having it all

I do not know who decided that today is National Sandwich Day, but I do know that I like that person a whole lot more than the person who double-booked November 3 with National Housewife Day.

How did I not know about this? As a person who is quite fond of celebrating the littler special days and one who also happens to be a pretty big fan of these portable culinary marvels, I can’t believe this crept up on me before I was able to arrange a sandwich sharing schedule to maximize opportunities for celebration. To be honest, I was far more aware of today’s significance as an irrelevantly assigned, yet very important, friendiversary on which we will drink wine, wear hats, listen to The Sound of Music, and try to fit into my fireplace (we’re celebrating a day late this year). It’s fun. I was not aware that other gifts of the earth were so especially deserving of my celebration on this day.

I’m not normally on board with the fake holidays. While friends shared cute baby pictures of themselves with their brothers and sisters on National Sibling Day last year, I posed with a paused TV screen and claimed soul sisterhood with my girl LL. Hallmark doesn’t make cards for this or for National Cat Day or for any other “national” days that are made up by whoever benefits from everyone using social media at once. Something about ads? Clicks? I don’t know. If you want to show affection for your sibling, do it more than the one day when everyone and her brother are doing it. I think cat owners are already doing enough for the internet without this type of encouragement. And, yes, I suppose every day is National Sandwich Day if you are right with Jesus and eating sammiches on the reg, but because I don’t have siblings or cats, and because this one is important to meeee, I hereby declare this fake holiday the exception.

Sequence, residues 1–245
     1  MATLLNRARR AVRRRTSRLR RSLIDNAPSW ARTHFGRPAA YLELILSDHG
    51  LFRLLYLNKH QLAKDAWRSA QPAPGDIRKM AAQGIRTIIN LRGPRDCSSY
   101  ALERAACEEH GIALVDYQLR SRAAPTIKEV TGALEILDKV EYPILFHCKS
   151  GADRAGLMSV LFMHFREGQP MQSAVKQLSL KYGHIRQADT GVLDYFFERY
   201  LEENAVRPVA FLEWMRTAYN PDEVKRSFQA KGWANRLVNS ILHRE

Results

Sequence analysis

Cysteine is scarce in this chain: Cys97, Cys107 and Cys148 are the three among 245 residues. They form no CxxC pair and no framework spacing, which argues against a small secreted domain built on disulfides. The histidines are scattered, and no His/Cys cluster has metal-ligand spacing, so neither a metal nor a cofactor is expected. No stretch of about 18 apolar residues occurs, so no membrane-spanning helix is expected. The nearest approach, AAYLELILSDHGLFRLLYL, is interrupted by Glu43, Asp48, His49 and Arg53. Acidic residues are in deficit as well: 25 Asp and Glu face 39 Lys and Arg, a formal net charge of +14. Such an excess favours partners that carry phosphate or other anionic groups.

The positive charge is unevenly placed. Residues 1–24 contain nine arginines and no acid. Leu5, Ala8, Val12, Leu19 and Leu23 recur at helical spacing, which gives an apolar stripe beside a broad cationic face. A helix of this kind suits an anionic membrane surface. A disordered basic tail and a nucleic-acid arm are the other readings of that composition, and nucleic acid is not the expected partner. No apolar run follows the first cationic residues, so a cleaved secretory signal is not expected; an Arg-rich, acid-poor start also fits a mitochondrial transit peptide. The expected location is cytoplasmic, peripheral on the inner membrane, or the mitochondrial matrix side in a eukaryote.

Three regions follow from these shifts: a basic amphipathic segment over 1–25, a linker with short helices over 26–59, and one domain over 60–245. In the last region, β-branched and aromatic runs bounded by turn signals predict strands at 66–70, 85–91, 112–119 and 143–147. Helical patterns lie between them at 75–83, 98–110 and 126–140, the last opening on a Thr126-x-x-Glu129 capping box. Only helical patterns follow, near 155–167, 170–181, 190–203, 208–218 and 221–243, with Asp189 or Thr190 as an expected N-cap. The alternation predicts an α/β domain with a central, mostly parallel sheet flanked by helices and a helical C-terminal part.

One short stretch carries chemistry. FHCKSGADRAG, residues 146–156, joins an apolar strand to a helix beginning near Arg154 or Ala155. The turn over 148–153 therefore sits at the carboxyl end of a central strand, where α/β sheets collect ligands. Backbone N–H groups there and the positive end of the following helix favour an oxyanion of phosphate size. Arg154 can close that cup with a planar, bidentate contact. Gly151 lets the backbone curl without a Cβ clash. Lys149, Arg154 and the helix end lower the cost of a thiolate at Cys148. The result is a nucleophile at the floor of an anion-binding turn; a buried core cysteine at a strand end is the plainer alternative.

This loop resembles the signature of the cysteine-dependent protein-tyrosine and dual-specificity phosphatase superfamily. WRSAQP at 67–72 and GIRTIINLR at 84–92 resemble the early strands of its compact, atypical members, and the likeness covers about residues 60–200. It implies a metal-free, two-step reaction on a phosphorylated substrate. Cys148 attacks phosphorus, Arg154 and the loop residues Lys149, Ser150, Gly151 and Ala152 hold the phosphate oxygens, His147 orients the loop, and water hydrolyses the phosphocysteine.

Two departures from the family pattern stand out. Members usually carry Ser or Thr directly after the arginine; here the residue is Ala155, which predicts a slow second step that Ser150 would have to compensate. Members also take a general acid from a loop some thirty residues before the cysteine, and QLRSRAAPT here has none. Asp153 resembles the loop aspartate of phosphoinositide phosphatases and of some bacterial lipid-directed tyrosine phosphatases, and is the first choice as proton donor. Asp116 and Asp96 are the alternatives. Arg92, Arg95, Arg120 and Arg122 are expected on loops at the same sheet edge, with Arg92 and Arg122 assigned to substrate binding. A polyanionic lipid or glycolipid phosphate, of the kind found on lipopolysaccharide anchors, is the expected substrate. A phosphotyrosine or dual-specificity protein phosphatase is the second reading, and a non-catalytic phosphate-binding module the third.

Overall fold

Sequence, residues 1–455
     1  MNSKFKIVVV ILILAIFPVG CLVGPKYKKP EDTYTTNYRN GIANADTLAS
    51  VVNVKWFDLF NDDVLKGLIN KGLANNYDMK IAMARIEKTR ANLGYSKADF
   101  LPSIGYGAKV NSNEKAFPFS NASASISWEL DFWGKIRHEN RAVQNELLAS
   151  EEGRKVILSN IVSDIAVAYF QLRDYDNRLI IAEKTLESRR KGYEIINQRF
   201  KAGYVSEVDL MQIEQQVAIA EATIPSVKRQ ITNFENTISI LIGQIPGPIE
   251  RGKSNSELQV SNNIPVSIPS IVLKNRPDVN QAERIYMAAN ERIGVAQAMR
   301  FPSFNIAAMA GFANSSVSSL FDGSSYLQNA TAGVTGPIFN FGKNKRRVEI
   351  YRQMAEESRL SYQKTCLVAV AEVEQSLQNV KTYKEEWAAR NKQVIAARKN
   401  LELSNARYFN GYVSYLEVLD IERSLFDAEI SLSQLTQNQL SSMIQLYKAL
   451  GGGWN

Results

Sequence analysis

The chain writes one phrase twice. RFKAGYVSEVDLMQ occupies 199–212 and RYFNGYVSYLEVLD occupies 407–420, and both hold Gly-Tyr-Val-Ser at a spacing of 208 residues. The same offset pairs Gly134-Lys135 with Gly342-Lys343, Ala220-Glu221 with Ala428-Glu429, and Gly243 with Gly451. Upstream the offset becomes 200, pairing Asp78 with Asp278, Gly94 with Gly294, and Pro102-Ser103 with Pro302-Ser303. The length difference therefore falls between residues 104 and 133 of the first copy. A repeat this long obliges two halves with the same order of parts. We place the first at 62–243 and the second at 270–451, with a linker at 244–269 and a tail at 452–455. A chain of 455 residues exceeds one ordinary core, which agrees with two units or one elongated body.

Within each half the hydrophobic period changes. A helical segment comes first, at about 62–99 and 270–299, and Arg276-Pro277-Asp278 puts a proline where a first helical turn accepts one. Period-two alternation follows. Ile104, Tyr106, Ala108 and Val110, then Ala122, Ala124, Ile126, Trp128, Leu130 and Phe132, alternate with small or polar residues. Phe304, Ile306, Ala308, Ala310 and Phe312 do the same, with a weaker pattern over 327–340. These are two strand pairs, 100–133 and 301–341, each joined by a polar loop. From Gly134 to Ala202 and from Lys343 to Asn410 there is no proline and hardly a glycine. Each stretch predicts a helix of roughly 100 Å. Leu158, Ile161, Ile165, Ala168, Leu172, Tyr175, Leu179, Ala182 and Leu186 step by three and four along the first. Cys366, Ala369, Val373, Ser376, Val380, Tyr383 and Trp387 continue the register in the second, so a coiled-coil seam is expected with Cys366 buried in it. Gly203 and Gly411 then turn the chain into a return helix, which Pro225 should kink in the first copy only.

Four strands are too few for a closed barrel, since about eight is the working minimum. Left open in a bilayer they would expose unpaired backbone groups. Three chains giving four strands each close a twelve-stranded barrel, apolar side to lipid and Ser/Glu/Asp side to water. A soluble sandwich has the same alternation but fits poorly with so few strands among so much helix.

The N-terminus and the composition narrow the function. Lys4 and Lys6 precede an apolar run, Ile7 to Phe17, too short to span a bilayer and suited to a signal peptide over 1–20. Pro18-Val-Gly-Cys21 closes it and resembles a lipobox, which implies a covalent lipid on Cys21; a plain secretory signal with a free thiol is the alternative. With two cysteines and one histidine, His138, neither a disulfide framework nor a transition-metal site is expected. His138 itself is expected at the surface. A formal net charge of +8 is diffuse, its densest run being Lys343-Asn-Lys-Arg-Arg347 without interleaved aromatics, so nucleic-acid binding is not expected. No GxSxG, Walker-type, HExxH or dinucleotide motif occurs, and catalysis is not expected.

Because sandwiches are wonderful. Sandwiches bring together a medley of delicious ingredients of varying crunch (put potato chips on it!) and juiciness, inviting seemingly contradictory flavors to meet and mingle between two glorious carbohydrate segments to present me (and you, too, beloved sandwich-eater), with exactly what I want: to have it all. liz teamster sub

This is one of many lessons that Liz Lemon helped to imprint upon my heart. It is tough to juggle all the things. It is easier to drop most of the things and just go with what you can carry and maybe come back and pick up the scraps later if you have time, but you’ll probably be tired and might go to sleep with your feet hanging off the bed and your shoes still on. You wonder how you will make space for all the things so you don’t have to leave anything behind, but it’s tricky. Occasionally you’ll manage an impressive amount at once and you’ll feel very accomplished but later realize these are all the things you wish had fallen on the floor a long time ago. You’ll wonder why it seems like everyone else gets to do it all and look great doing it. You’ll remember that you are enough and you’ll eat a sandwich. The sandwich is beautiful and weird and it will probably come with french fries (or at least very good kettle chips). When you take a bite, especially if you cut it in half like a responsible and intelligent life force, you’ll taste bacon, lettuce, tomato, basil mayo//turkey, apple, brie, cranberry relish, honey mustard//seared scallop, jalapeño tapenade, caramelized onions, crisp lettuce, garlic aioli — all in perfect proportion in one simple life-giving bite. And you realize that you can have it all and that you already do.

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shut up about pumpkins and listen to my thing about fall